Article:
Data + Relationships = Information
All the pieces of data that we have mean very little on their own, but when we add relationships to that data it becomes useful “data” or what we call information. Let’s consider these trivial pieces of data below as an example:
200, Borg, 99019901, Joseph, Merchant’s Street, Valletta, ,
The relationships seem so obvious in this case that our minds start organising that data and making assumptions such as; the name is Joseph, Valletta is part of the address, 99019901 must be mobile number, the address must be linked to the person and so on until we get the relationships sorted to form a name, surname, address and telephone number that are presumably linked together. So here we applied relationships and logic that we’re familiar with to a line of data to change it into some piece of information that is more usable for us. Something that is more familiar.
The same applies to more complex pieces of data. We need to apply relationships in the form of logical structure and links to convert it into useful information that we can make use of. Consider the different bits of data that we all have within our organisations. Let consider a more complex example:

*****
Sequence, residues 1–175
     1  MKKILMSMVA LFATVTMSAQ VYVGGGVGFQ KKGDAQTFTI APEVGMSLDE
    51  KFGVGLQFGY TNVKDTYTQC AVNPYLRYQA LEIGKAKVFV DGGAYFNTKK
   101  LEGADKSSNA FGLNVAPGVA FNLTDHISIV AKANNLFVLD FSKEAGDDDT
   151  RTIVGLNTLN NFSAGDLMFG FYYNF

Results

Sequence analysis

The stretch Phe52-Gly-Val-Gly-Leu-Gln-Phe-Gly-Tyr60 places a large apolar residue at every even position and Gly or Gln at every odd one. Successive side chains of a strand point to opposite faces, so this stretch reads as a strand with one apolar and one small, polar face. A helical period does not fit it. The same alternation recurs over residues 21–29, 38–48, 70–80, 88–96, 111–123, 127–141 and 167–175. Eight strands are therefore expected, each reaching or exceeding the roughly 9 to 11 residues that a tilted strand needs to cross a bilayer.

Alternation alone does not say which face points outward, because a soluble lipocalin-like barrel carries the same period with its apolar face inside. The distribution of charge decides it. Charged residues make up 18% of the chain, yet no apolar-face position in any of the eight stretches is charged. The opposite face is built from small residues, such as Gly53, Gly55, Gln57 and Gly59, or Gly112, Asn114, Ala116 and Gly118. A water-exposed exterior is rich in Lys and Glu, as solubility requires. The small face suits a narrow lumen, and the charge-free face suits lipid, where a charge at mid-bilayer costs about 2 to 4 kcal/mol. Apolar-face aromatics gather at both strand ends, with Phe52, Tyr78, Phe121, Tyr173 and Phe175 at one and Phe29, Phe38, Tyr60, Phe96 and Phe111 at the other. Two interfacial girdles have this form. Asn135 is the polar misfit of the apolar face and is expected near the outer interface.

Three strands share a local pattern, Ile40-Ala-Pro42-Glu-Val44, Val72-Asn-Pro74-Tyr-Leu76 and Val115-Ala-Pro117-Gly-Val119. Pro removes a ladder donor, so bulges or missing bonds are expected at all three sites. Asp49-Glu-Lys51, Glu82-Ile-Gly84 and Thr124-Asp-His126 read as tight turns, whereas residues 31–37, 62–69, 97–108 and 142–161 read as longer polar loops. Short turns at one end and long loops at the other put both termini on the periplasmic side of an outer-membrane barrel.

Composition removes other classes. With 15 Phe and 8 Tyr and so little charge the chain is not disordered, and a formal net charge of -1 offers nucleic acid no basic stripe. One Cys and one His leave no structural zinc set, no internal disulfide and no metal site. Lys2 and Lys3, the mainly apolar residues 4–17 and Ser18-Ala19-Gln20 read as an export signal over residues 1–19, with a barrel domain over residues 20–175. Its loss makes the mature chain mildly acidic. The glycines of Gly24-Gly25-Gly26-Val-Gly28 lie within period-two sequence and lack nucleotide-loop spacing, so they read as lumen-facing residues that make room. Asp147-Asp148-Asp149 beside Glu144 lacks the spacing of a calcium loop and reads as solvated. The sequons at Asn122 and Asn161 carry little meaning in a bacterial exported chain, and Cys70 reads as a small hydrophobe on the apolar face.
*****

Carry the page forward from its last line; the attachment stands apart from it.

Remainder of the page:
- Receipts of items bought.
- delivery notes of items sold.
These 2 sets of information have some use on their own. We can calculate costs, sales and profit. However if we start adding relationships to those 2 sets of “data” we can extract information that might be more useful to us to turn a better profit:
- Profitability of each item
- Seasonality of each item
- Shelf life of each item
- Shelving cost of each item
- Recommended Stock Levels for each item
- Current Stock Levels of all items
- Most profitable products
- Least profitable products
- Products that sell in a regular pattern
- Products that sell in an irregular pattern
- Brand Comparison for the same type of product
- Returns per item
- And more…
So as you can see just by linking items from purchase receipts to sales receipts we can start extracting management information that can guide our day to day operations towards better efficiency and more profit. Such processing is the realm of IT.
Our brains excel at applying assumptions to organise pieces of data into seemingly useful information and most of the time we’re confident that our assumptions are correct, but it is rarely so. In reality it is only through IT that we can process volumes of data to extract useful information reliably and unassumingly. Information that can make all the difference in our organisation. Let’s point out that the data in the first example was meant to be read as follows: “Deliver 200 items of product “Borg”, (product ID:99019901) to Address: “Joseph, Merchant’s Street, Valletta, no postcode”. Most of us got our assumptions wrong.
Are you making the best use of your data or are you losing out on the information you could have? Are you the assuming type or are you the logical type?